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Ashtanga Adventure – The Eight-Limbed Expedition

woman in advanced side plank ashtanga

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Ashtanga yoga is one of the most famous types of yoga practice in the world. Following ancient yoga tradition, Ashtanga connects mind, body and soul. If you practice yoga, you’ve almost definitely heard of Ashtanga. It’s one of the most established types of yoga, rooted in repetition and breathwork. It consists of set series of poses, each new sequence harder than the one before. It takes patience and hard work, but it’s worth it for the benefits that it brings. Ashtanga yoga aims to connect breath and movement in an easy, flowing manner. The poses are connected in a set sequence, split into three series.: primary, intermediate, and advanced. You can only continue to the next series once you’ve mastered the one before. And don’t let the name fool you. The primary series is very challenging and not suitable for beginner yogis. Repeating the same sequence is a great way to see your progress. Of course, it means that Ashtanga practitioners have to put emphasis on daily routine. The practice requires focus and dedication. Instructors will usually ask those practicing to try to remember the movements, giving them time for free flow, in order to make their way through them at their own pace and in sync with their breath. The poses are linked with a Vinyasa sequence:
    • Chaturanga Dandasana (Four-Limbed Staff Pose)
    • Urdhva Mukha Svanasana (Upward Facing Dog)
    • Adho Mukha Svanasana (Downward Facing Dog)
When practicing Ashtanga, it’s also important to master focusing your gaze on a single point while holding poses. This concept is known as drishti.

History of Ashtanga Yoga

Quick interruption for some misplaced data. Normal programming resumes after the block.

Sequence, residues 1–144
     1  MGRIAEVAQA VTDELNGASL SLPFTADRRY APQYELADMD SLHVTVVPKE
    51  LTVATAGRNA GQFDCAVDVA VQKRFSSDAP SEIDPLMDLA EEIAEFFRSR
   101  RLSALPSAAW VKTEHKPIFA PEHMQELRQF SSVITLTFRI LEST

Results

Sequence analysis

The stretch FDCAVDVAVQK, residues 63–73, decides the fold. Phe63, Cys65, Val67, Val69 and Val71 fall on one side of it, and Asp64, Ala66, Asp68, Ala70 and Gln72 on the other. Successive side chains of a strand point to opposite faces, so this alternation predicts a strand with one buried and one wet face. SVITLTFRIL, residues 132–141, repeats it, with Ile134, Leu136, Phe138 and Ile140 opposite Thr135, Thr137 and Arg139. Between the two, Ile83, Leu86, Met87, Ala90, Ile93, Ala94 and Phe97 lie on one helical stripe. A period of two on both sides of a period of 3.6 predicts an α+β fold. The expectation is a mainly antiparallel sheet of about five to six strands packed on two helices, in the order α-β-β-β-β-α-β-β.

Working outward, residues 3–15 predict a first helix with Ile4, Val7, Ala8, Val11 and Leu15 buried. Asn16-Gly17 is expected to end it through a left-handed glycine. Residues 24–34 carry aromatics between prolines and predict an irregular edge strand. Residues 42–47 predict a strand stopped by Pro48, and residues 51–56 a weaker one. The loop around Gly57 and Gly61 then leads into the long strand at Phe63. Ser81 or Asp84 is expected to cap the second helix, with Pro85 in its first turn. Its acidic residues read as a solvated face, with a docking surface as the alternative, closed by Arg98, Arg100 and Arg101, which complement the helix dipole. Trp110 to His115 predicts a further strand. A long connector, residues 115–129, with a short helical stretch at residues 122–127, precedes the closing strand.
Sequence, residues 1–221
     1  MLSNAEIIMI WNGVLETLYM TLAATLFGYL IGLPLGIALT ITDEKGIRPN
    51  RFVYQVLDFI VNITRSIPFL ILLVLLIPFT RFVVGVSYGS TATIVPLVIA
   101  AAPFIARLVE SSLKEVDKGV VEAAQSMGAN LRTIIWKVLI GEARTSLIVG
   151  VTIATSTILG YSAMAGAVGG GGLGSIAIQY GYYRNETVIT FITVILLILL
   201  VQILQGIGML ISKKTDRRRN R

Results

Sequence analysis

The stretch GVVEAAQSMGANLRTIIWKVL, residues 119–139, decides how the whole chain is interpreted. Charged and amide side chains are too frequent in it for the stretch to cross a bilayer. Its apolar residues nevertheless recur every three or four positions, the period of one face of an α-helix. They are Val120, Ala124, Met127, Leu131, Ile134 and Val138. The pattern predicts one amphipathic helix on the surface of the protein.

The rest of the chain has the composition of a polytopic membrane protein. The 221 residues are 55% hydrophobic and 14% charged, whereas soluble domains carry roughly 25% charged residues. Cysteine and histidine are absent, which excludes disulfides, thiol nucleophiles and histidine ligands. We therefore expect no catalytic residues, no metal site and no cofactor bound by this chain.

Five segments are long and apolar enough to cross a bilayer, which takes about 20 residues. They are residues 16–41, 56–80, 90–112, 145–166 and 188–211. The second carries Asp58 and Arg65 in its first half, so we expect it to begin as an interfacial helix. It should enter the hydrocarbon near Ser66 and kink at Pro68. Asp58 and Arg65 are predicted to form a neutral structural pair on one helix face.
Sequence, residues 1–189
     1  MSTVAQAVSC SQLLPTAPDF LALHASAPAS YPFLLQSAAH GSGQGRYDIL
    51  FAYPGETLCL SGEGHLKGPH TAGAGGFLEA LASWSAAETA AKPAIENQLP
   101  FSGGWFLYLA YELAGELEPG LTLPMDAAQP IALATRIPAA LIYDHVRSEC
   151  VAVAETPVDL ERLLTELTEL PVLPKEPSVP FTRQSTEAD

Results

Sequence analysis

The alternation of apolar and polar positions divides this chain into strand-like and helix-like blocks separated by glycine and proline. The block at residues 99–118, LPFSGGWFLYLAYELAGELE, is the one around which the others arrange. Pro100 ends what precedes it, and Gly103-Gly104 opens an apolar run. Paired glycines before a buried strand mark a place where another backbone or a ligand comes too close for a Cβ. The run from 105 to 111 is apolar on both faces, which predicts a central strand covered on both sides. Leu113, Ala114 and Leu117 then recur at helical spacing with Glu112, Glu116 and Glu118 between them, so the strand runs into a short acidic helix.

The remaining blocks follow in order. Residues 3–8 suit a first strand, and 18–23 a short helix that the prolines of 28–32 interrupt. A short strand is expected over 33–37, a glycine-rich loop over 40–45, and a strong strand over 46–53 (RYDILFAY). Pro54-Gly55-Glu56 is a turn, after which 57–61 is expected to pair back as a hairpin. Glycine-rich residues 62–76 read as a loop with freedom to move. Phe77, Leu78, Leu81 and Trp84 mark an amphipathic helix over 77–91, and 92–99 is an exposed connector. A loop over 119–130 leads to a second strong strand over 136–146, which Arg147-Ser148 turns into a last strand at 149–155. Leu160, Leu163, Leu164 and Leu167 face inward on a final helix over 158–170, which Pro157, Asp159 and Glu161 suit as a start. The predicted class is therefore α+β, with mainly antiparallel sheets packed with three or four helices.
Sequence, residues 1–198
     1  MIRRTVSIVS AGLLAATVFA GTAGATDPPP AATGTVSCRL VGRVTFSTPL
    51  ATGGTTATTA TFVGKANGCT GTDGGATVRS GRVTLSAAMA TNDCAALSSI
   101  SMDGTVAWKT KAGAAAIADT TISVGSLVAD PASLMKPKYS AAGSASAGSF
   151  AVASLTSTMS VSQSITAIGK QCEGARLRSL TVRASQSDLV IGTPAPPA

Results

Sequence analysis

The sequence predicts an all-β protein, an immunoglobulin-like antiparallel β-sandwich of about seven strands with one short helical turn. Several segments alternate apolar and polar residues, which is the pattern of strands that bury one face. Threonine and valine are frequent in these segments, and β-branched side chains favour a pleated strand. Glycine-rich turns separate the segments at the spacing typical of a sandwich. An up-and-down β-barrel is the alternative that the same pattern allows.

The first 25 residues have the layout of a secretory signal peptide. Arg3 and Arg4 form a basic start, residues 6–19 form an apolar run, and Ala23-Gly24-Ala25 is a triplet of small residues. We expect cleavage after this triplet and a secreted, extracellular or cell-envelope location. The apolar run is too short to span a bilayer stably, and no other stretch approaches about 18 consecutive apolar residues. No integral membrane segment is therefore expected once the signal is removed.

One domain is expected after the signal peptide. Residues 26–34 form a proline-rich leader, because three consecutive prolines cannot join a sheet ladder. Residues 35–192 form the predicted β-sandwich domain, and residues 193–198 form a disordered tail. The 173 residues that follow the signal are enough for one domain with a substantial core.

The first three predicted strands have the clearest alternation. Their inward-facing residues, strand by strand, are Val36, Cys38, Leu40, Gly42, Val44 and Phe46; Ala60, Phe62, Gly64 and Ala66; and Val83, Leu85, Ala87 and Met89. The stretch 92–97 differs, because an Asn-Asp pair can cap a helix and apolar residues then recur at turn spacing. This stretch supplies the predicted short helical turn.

In Sanskrit, the word Ashtanga comes from ashta (“eight”) and anga (“limb”). The name of this practice is a reference to the Eight Limbs of Yoga, the very foundation of yoga philosophy. The repetition and rigorous effort help Ashtanga practitioners achieve the ultimate goal of enlightenment. In Ashtanga, postures go along with ethical and moral guidelines one must follow on the path to a more meaningful, purposeful life. In the 1930s, a former student of the famous K. Pattabhi Jois used his personal practice as a blueprint to create what is now known as Ashtanga. The initial practice involved a series of poses performed with a significant emphasis on the breath. It had no need for atmospheric influences, like music and lighting. In fact, it demanded the opposite, encouraging yogis to dive deep within their minds, to remain completely present in the moment.

Benefits of Ashtanga Yoga

If you want to perfect your Ashtanga sequence, you have to practice it regularly. Some yogis go as far as practicing their current series every day. The repetition allows you to get better at asanas and transitions. It also makes it easy to track your progress. Ashtanga features many powerful poses that require the use of several muscle groups at once. It makes your body strong, flexible, and durable. Holding challenging poses while breathing deeply improves blood circulation to your limbs, vital organs, and brain.  As well as training your body, it trains your mind to let go of mental tension and find peace. As you practice, you automatically de-clutter your mind, leaving room for more positive and inventive thinking. There is a reason why Ashtanga is one of the most famous styles of yoga. 

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